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Cablegate: World Bank Strategy for Debt Relief in Nigeria May

This record is a partial extract of the original cable. The full text of the original cable is not available.

071702Z Jul 05

UNCLAS LAGOS 001064

SIPDIS

E.O. 12958: N/A
TAGS: EFIN ECON PGOV PREL NI
SUBJECT: WORLD BANK STRATEGY FOR DEBT RELIEF IN NIGERIA MAY
FALL SHORT OF REAL NEEDS


1. (U) On July 5, 2005, the Lagos Business School held its
usual monthly breakfast for Nigerian business leaders.
Different from the usual, however, this month's meeting
focused on Nigeria's recent triumph in securing debt relief
from Paris Club donors. Hafez Ghanem, the World Bank (WB)
Country Director for Nigeria, spoke on debt relief and its
impact on planned development programs in the country.

2. (U) Ghanem confirmed that, in response to debt relief and
the vote of confidence in Nigeria's economic reform
programs, the WB would be nearly doubling its Nigeria
portfolio from its present level of about $1.2 billion over
the next two years. The WB's total portfolio in Africa is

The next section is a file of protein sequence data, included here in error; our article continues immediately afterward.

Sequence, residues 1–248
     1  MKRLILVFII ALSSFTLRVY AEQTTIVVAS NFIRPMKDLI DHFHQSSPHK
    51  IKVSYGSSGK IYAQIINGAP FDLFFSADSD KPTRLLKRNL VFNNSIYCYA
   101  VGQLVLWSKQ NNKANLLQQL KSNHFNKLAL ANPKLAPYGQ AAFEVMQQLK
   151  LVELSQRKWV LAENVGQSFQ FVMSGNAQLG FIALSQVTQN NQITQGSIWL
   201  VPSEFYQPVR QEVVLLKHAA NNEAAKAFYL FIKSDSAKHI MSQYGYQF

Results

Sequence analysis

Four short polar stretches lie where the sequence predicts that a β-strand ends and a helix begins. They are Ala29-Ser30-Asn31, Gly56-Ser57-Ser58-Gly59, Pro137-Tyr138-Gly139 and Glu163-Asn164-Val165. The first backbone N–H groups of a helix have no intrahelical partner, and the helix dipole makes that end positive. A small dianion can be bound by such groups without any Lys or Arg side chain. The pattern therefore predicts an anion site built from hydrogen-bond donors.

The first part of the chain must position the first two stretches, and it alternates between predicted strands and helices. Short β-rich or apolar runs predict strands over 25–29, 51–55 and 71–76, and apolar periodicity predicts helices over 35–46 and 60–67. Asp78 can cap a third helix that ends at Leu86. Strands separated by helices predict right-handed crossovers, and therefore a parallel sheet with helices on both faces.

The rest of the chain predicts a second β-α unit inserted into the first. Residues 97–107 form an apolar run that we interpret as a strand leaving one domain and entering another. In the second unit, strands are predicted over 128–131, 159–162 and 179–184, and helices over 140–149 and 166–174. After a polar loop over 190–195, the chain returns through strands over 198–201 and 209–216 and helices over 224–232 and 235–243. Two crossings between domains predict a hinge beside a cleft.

valued at approximately $5 billion. Ghanem then reiterated
the WB's traditional commitment to poverty reduction and
assistance in the areas of governance, infrastructure, and
trade, but cited corruption and gender inequalities as
problems that would receive particular attention in Nigeria.

3. (U) Ghanem also said that he was hopeful that Nigeria
would avoid common pitfalls of debt relief, namely that the
country uses its increased creditworthiness to incur more
debt, and swiftly returns to highly indebted status.
Unfortunately, these remarks were met with a series of
chuckles and acknowledgement on the part of many of the
banking leaders present. Ghanem had trouble responding to
one business leader's observation that neither debt relief
nor WB programs affect the rising unemployment rate, one of
the most inveterate and incapacitating problems facing
Nigeria today.

4. (U) Ghanem closed with an appeal for the audience to view
debt relief and increasing development funds as a new and
different start, but business leaders present appeared to
adopt a wait-and-see posture.

5. (U) This cable has been cleared by U.S. Embassy Abuja.

HOWE

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